Putin: Powerful forces trying to sabotage US-Russia ties

The Russian president says relations between Moscow and Washington remain in 'an extremely unsatisfactory state'.

    Russian President Vladimir Putin said US-Russia relations are worse than during the Cold War [Sergei Karpukhin/Reuters]
    Russian President Vladimir Putin said US-Russia relations are worse than during the Cold War [Sergei Karpukhin/Reuters]

    Russian President Vladimir Putin accused "powerful" forces within the United States of trying to sabotage ties between Moscow and Washington in the wake of a controversial summit with US counterpart Donald Trump.

    Addressing Russian diplomats in Moscow on Thursday, Putin described his meeting with Trump earlier this week as "successful", but warned relations between the two countries remain in "an extremely unsatisfactory state".

    "In many respects, [Russian-US relations] are even worse than during the Cold War," said Putin.

    "We see that there are forces in the United States that are prepared to casually sacrifice Russian-US relations, to sacrifice them for their ambitions in an internal political battle."

    Trump U-turns

    Trump has faced widespread domestic criticism in recent days following the summit in the Finnish capital Helsinki on Monday, most notably over an initial refusal to blame Russia for meddling in the 2016 US presidential election.

    The US president later claimed to have misspoken and said he accepted the US intelligence community's conclusion of Moscow's interference.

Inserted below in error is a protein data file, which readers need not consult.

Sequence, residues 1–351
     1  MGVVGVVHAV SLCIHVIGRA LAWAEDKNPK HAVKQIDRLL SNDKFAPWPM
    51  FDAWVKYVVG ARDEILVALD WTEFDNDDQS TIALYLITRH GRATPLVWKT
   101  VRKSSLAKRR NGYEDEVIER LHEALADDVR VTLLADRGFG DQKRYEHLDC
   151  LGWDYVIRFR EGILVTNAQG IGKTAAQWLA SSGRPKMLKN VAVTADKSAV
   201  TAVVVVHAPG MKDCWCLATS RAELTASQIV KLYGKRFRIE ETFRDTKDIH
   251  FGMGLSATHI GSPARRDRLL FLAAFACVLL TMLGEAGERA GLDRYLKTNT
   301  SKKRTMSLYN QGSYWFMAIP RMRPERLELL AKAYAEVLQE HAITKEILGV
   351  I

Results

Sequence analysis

US intelligence agencies allege Russia did make a concerted effort to meddle in the vote, a charge Moscow has repeatedly denied.

    An investigation into possible interference by American special counsel Robert Mueller, part of which is focused on whether there was any collusion between Trump's campaign team and Russian officials, is ongoing.

    In a series of tweets on Thursday, Trump accused the "fake news media" of pushing US confrontation with Russia, adding "they … hate the fact that I'll probably have a good relationship with Putin".

    Trump also described the summit with his Russian counterpart as a "great success", at which "terrorism, security for Israel, nuclear proliferation, cyber-attacks, trade, Ukraine, Middle East peace, North Korea and more" were discussed.

    He said he looked forward to a second meeting with Putin to tackle the issues. 

    US-Russia and Syria

    Trump and Putin praised US-Russia military ties at the joint press conference following their summit, and mentioned the possibility of greater cooperation in the seven-year war in Syria that has killed about half a million people.

    On Thursday, General Joseph Votel, head of US Central Command, told reporters he had received no new guidance regarding US military strategy overseas as a result of the Helsinki meeting.

    "For us right now, it's kind of steady as she goes. We have received no further direction than we've currently been operating under," Votel said, adding any move towards possible coordination between Russian and US forces in Syria would need to be approved by Congress.

    Meanwhile, Russia's envoy to the UN said on Thursday the Helsinki summit would "positively affect efforts to resolve the Syrian conflict".

    What's the legacy of the Trump-Putin summit?

    Inside Story

    What's the legacy of the Trump-Putin summit?

    SOURCE: Al Jazeera and news agencies


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